THERE ARE varying museums right across London focusing on a variety of themes from Natural History to Fashion — even an Old Operating Theatre. On my adventures so far my favourite has been a museum dedicated to the amazing city itself — the Museum of London.
Located right near the Barbican, the Museum of London doesn’t have as beautiful facade as other museums like the National History Museum and could be mistaken for another office building. However what it lacks in exterior décor, it makes up for on the inside with its extensive information and a wide range of exhibitions.
I decided to visit the museum on a cold gloomy winter’s day thinking it would be a great chance to tick off number 33 on the London Top 100 list without battling the weather, however I had made the mistake of going during half term. Yep — it meant that the museum was packed! There were families and kids everywhere and it is for this reason that I quickly skimmed the Roman and Medieval Galleries and headed straight downstairs to the more ‘modern information’.
This area featured information and artefacts from the Great Fire onwards and while I am sure the other galleries were interesting, it was this part of the museum that immediately turned me into a kid on half term break. I wanted to play with every touch screen, press every button and watch every video. I circled the outside of the room following a timeline that had momentous events on it from both history and members of the public who had bought a spot for a specific year. My favourite area was from ‘1950’s to today’ which displayed different forms of pop culture through the decades — from fashion, to music trends, advertisements and nick nacks – it was fun to see how the city had evolved and grown up.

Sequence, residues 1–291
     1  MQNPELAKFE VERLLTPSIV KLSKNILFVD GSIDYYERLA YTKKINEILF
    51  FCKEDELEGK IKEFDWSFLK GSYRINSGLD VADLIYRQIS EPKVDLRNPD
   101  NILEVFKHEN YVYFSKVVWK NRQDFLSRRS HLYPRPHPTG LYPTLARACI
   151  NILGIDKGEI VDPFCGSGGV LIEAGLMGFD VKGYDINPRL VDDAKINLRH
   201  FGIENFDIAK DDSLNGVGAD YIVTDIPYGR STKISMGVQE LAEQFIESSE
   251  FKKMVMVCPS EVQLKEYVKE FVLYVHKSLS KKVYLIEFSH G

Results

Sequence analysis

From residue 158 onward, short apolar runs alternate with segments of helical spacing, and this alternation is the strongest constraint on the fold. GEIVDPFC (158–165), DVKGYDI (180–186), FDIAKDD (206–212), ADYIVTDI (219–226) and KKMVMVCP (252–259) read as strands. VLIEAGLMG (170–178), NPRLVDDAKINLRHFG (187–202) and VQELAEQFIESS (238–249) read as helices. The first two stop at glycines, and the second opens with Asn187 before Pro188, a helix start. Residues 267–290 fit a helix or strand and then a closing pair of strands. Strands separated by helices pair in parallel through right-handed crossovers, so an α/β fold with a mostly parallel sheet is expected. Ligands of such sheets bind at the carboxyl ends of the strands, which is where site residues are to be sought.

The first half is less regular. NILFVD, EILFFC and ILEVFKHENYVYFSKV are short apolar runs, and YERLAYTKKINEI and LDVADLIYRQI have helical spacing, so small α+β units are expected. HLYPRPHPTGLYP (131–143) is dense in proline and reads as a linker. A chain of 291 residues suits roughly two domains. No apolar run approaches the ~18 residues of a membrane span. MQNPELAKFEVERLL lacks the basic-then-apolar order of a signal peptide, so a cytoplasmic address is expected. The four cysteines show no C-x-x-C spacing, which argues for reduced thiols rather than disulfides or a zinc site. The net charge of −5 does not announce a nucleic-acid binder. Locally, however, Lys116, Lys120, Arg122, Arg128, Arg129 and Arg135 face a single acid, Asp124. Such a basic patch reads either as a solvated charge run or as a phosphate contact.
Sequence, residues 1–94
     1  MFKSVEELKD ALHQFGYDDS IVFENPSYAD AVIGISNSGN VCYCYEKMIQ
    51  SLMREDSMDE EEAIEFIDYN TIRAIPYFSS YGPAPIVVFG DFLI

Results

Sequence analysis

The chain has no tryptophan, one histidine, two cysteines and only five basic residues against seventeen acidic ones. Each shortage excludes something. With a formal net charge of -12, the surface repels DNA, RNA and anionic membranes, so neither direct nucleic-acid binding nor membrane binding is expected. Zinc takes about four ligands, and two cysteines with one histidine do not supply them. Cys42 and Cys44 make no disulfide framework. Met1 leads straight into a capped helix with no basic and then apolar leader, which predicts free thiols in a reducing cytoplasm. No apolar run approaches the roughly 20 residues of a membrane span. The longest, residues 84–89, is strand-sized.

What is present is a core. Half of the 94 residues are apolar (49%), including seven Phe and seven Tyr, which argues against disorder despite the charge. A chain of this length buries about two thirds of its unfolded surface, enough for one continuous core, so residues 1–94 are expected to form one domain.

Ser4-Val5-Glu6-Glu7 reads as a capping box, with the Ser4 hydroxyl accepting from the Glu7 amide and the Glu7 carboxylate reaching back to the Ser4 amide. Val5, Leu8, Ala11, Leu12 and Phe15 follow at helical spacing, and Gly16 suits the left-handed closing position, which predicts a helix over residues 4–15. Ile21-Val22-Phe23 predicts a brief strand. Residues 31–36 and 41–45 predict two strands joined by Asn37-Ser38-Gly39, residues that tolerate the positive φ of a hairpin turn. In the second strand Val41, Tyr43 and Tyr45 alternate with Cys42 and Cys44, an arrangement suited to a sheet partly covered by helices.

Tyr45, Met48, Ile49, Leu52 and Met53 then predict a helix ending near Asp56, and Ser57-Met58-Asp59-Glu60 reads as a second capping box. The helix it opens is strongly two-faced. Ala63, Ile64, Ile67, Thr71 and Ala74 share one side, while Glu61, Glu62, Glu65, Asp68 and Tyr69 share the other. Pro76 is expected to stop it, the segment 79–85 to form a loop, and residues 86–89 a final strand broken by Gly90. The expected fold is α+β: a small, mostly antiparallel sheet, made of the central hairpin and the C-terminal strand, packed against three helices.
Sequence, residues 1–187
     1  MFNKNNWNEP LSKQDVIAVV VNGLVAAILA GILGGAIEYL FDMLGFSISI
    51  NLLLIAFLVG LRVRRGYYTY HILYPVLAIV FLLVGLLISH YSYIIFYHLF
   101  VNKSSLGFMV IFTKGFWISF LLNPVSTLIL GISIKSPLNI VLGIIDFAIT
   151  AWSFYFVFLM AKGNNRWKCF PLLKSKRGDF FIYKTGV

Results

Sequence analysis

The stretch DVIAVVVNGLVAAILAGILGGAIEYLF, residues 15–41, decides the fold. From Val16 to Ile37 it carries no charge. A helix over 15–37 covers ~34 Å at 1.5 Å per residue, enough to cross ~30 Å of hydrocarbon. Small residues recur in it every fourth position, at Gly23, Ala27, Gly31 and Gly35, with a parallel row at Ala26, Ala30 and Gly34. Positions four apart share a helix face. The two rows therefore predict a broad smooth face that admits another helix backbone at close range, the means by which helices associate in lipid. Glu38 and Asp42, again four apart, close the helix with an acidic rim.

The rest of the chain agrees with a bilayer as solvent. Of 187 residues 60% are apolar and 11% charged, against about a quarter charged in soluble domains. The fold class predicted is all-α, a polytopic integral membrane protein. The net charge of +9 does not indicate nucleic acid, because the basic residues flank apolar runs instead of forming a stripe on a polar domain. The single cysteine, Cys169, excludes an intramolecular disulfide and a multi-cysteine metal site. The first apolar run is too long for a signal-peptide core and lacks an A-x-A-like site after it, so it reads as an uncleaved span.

The exhibitions do not only focus on London’s past but also feature an extremely interesting view into London’s future – the museum has many facts and figures about population and growth rates. With the help of artists’ impressions you can try to imagine this already bustling city with an ever increasing population. Directly adjacent to this area is a more traditional gallery that features the Lord Mayors stage coach decked out in real gold, which is used every year for the Lord Mayors Show.
There are also more serious aspects to the museum with a dedication book to those who lost their lives in the London bombings. It was sobering reading letters and dedications from their loved ones but also an inspiration to see how their memories live on and how the city has rebuilt itself since then.
After several hours in this lower level section, I reached my museum limit and I took refuge in the café via a trip to the gift shop. If you are like me and are a sucker for London or British paraphernalia then this is the place to get it — the child in me ended up buying an ‘I Love London’ lunch box. I am sure that my few hours inside and any attempts to describe how interesting this place is doesn’t do it justice. If you are as much in love with this city as I am then you will most certainly love the Museum of London.
Have you got some experiences in London you’d add to the list? Comment below: